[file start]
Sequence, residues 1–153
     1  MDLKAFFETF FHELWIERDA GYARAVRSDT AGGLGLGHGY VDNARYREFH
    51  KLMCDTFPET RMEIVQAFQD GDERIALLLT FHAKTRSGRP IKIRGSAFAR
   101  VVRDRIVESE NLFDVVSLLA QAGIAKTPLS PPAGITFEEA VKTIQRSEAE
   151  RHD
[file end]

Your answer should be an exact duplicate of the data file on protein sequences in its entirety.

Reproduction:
Sequence, residues 1–153
     1  MDLKAFFETF FHELWIERDA GYARAVRSDT AGGLGLGHGY VDNARYREFH
    51  KLMCDTFPET RMEIVQAFQD GDERIALLLT FHAKTRSGRP IKIRGSAFAR
   101  VVRDRIVESE NLFDVVSLLA QAGIAKTPLS PPAGITFEEA VKTIQRSEAE
   151  RHD